Newly-released figures show that UCAS received almost 50,000 applications to nursing courses in England, up by over a third compared to the same point last year.
Since the beginning of the pandemic, there has been a noticeable increase in interest around careers in healthcare, including nursing, as people recognise and are inspired by the hard work of our healthcare staff.
A total of 48,830 applications were received, up 34% from last year - when UCAS received 35,960 applications. Last year itself had represented a 27% increase on the year previous too.
Health Education England is working with health and education sector partners to make sure there are enough places for all suitable applicants who will go on to take up vital jobs across the NHS and social care sector.
The newly-released figures also showed:
- an increase in applications of more than 50% among 25 to 34-year olds
- an increase in applications of more than 43% among 35-and-overs
- a 41% rise in male applicants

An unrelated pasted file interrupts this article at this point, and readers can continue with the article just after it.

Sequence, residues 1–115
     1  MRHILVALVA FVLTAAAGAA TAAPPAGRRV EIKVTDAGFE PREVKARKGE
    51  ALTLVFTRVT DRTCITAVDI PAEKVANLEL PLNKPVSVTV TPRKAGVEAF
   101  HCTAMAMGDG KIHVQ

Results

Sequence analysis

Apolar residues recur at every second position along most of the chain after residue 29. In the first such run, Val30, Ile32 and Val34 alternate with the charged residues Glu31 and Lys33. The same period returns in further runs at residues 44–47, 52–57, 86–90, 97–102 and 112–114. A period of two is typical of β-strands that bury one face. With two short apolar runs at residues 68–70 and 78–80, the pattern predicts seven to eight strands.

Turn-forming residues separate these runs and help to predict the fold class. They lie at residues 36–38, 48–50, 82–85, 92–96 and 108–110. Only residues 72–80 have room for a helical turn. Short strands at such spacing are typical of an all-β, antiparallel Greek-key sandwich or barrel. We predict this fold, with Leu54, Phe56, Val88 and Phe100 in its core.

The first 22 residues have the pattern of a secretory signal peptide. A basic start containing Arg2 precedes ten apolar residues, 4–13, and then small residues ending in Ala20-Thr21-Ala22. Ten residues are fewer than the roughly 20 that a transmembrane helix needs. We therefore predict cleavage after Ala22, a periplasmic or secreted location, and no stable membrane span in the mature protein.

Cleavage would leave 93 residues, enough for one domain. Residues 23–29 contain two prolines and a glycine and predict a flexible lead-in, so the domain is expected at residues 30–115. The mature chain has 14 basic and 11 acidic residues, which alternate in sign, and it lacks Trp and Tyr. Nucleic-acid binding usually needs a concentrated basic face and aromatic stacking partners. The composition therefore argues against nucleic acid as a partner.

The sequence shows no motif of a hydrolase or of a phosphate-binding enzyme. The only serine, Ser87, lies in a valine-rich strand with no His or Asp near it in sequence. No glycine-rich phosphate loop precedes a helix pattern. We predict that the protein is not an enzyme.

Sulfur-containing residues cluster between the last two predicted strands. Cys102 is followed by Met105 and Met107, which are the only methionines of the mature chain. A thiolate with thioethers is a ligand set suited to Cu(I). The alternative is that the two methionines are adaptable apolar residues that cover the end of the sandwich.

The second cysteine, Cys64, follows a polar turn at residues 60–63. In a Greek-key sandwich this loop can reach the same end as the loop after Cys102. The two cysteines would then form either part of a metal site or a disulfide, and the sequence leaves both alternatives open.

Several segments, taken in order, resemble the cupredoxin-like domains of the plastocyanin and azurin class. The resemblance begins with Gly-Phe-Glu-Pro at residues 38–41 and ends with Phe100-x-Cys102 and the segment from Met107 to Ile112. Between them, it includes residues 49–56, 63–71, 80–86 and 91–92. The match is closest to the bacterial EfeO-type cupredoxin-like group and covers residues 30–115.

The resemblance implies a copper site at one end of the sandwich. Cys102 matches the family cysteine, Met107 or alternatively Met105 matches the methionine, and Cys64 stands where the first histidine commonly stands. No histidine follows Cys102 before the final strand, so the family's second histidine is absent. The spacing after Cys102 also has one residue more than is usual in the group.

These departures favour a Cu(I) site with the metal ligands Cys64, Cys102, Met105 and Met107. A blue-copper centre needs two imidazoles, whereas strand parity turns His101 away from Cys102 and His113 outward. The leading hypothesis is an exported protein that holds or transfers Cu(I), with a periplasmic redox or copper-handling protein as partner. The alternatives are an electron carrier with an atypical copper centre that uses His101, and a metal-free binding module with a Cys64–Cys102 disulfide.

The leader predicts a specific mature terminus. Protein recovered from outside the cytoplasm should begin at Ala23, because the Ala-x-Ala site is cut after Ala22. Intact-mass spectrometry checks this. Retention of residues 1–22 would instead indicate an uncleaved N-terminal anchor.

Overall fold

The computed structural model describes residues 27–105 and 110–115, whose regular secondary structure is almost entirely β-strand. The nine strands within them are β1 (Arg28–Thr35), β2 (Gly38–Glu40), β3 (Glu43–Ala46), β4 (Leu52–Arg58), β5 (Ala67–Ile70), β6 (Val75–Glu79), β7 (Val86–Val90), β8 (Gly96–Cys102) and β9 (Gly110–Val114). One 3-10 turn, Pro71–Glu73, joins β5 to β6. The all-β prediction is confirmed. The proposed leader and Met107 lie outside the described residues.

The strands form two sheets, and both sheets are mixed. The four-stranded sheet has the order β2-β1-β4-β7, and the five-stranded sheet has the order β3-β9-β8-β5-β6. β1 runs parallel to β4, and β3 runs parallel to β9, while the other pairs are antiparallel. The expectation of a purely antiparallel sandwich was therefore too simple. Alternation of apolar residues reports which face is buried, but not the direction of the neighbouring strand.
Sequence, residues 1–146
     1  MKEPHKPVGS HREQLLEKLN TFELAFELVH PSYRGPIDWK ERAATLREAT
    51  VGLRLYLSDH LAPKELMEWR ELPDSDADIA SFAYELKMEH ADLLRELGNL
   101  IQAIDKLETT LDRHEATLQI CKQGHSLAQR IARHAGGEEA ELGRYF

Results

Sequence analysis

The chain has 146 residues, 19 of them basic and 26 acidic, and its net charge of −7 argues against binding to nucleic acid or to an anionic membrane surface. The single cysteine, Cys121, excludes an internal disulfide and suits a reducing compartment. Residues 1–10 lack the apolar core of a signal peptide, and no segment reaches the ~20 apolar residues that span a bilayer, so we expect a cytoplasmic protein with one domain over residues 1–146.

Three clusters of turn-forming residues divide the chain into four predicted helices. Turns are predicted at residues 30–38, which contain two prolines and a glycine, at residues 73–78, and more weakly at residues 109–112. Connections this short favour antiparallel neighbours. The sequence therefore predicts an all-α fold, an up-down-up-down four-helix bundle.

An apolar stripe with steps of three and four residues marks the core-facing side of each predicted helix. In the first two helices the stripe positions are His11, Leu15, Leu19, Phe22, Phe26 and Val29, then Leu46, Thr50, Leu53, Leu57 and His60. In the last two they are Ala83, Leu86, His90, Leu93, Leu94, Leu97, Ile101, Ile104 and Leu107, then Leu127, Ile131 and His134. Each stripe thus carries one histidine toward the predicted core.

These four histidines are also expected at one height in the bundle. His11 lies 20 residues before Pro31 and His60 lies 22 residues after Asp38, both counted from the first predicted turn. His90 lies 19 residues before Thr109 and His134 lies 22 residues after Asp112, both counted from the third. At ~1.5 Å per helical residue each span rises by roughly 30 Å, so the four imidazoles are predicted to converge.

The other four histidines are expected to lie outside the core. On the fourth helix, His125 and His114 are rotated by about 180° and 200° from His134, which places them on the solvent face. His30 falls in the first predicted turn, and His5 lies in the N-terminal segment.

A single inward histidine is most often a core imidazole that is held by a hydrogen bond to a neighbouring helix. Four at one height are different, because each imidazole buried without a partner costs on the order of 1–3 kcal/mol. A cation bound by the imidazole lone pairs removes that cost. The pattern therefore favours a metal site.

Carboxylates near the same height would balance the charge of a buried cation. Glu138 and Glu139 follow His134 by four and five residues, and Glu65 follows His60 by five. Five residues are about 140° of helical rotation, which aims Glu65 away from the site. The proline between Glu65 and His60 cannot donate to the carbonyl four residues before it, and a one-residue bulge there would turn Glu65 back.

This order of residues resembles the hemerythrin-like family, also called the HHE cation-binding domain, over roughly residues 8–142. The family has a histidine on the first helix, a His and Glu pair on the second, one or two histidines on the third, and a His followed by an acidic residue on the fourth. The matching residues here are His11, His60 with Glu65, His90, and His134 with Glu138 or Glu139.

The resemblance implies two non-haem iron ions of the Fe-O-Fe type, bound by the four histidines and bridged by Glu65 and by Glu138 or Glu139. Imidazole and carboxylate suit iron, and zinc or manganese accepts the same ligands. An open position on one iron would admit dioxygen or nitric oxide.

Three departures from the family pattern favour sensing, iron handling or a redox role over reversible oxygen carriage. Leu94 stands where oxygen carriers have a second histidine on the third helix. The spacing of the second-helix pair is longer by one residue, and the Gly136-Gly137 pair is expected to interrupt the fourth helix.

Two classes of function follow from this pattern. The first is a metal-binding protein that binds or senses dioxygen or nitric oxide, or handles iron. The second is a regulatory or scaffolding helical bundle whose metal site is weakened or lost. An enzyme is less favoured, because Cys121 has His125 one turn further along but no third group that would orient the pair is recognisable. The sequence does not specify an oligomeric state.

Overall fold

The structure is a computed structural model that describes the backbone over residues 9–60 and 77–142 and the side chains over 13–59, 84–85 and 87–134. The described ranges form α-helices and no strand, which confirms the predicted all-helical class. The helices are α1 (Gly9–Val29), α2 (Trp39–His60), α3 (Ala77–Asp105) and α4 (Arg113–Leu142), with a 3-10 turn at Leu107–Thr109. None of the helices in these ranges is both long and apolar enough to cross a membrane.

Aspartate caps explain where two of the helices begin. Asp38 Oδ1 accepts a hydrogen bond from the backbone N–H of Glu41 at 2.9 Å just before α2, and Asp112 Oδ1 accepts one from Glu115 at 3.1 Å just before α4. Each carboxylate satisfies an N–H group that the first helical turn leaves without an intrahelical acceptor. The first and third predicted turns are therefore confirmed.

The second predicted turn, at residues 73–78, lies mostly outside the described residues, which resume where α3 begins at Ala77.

Responding to the figures, Minister for Care Helen Whately said: “I’m delighted to see such an incredible boost in this year’s applications, with more mature applicants helping to contribute to a diverse and truly representative nursing workforce. Thank you to everyone who has stepped up to support our health and social care services.
“These are the nurses of the future who will help the NHS and social care recover from this pandemic and continue to deliver world-class care to patients for years to come.
“These figures are a testament to the work of Health Education England and UCAS in highlighting nursing as a rewarding and accessible career path, as well as the remarkable achievements of all health and care professionals over the past year.
“We’re another step closer to delivering 50,000 more nurses for our NHS and providing better healthcare for everyone.”
Last year, the government introduced a new training grant for eligible nursing, midwifery and allied health profession (including paramedic) students of at least £5,000 a year, which does not need to be paid back.